A great way of getting your customers more engaged in your business and social media, particularly Instagram, is by making the most of user-generated content.
Tintup describes user-generated content as “any type of content that has been created and put out there by unpaid contributors. It can refer to pictures, videos, testimonials, tweets, blog posts, and everything in between and is the act of users promoting a brand.” And… businesses can use this content for their own socials. It is beneficial for two main reasons:
- The main advantage, in our eyes, is that it encourages people to post about your brand. If they see a lot of user-generated content and reposts on your platforms then they are encouraged to share their own images etc. in order to get recognised and noticed. In an age of retweets, likes, and followers, being of the upmost importance, user-generated content can be very appealing.
- It allows your brand to choose from a huge range of incredible content without having to put in the hard work and creativity yourselves.
A great platform for user-generated is Instagram. Instagram encourages a wealth of creativity and provides incredible amounts of free content to consumer, this means user-generated content on Instagram is rife.
Examples of user-generated content on Instagram
Massive brands take advantage of user-generated content by creating their own hashtags and competitions in order to get their consumers to promote their brand. Take Adobe for example, every month they create a new hashtag that encourages people to enter their competitions in order to be featured on their pages. This month (February 2019), creatives and users can add the hashtag #CreateYourStory to their images to enter a competition to be featured on their Instagram account. Their bio currently says ‘Everyone has a story to tell. This month, we’re exploring what inspires you to #CreateYourStory. Share your work using the hashtag & tag @adobe‘. Then, every few days, they share somebody’s image. With almost 900k followers, being featured on their page could do incredible things for somebody’s career for example. Plus, their account looks incredible. Check out these examples.
Gymshark’s very clever with its user-generated content on Instagram. Not only have they built their social media empire from scratch but they continue to use influencer marketing and content marketing in the form of user-generated content to an extreme. In January they started a ‘competition’ with the hashtag #Gymshark66. The aim of the competition is to share your progress or changes over 66 days (apparently, the time it takes to change a habit). The change can be anything from drinking more water to going to the gym consistently. The hashtag now has over 173 thousand posts on Instagram! This is an exceptional amount of content. Plus, if you’re lucky, Gymshark will repost your images. The prize? Gymshark clothing for a year, obviously!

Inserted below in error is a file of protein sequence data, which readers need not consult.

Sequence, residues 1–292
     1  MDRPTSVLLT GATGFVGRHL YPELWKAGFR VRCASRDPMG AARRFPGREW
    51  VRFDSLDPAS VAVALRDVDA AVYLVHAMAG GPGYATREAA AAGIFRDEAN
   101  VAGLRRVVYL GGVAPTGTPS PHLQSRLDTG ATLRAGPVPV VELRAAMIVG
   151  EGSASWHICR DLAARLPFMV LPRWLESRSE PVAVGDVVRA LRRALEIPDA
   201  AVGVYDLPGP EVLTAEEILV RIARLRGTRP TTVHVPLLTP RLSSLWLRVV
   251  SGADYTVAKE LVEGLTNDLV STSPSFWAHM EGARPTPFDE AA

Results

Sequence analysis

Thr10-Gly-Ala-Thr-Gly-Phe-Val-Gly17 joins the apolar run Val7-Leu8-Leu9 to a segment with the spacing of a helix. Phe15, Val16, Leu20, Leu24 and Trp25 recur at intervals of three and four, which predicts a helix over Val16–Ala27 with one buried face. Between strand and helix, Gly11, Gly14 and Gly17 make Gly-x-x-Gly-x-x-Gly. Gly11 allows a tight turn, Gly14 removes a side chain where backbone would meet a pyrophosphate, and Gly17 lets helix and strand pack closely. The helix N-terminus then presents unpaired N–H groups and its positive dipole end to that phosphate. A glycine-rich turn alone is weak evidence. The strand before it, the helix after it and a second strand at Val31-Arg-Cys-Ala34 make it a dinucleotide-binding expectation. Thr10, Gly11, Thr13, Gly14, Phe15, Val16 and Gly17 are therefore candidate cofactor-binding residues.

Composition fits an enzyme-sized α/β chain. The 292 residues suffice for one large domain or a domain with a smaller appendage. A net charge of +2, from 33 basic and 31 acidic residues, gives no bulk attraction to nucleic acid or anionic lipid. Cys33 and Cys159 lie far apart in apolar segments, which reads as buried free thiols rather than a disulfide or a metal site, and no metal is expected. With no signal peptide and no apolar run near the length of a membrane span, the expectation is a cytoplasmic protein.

Whilst it’s great to see brands like Adobe and Gymshark doing such amazing things with user-generated content, it’s an incredible content marketing tool for smaller businesses too.
A recently launched clothing line by the blogger Megan Ellaby – Saturday by Megan Ellaby, posts images from users wearing the jumpers. These are often bloggers, or people in the fashion-industry that won’t have been ‘paid’ for the content (although the item may have been gifted). This content isn’t encouraged by hashtags like Gymshark’s campaign but the content is shared by simply tagging the account @saturday_bymeganellaby in the post. These two posts below are from the Instagram account, one is from a micro-influencer with around 20k followers, but the other is from a user with just 500 odd followers. This disparity between user content is what makes this account so special, both professional content creators and average customers are having their images reposted to promote the brand to the masses and encourage everybody to share and tag the account in their posts. Plus, all the images are colourful and aesthetically pleasing.
If you haven’t heard of The Happy Newspaper, you need to! Grown and created by Emily Coxhead, The Happy Newspaper is a quarterly newspaper with lots of happy news and encouraging stories. They also have a lot of branded merchandise such as mugs and cards, all with happy and encouraging messages. Whilst a lot of their Instagram content is brand content, they frequently share images that other people have posted of their newspapers and merchandise, this not only creates variety in their content but again, encourages customers to share images of their products and purchases with the hope of being reposted.
Again, another reposting account is Lucy and Yak. This brand create independent, sustainable, and handmade dungarees. What’s not to love? They use the shopping features on Instagram (see the shopping icon on the left hand corner of the photo) but don’t just use models in their content. These two posts have been taken from other people’s accounts of them wearing Lucy and Yak clothing. Similar to Saturday by Megan Ellaby, the account uses their average customer’s content to promote their products, and uses the shopping feature to do so. This is quite common for clothing brands, and is something Topshop also does (although these are mostly posts by well known fashion bloggers).
All these examples of user-generated content on Instagram have been hugely influential elements of their digital marketing strategies, and have made their Instagram grid look amazing! If you have a small, medium, or huge, business could you implement some user-generated content? Perhaps in the form of a hashtag or sharing and reposting user content on your account? It can be such a valuable content marketing tool and clearly, it works for these businesses of all shapes and sizes!
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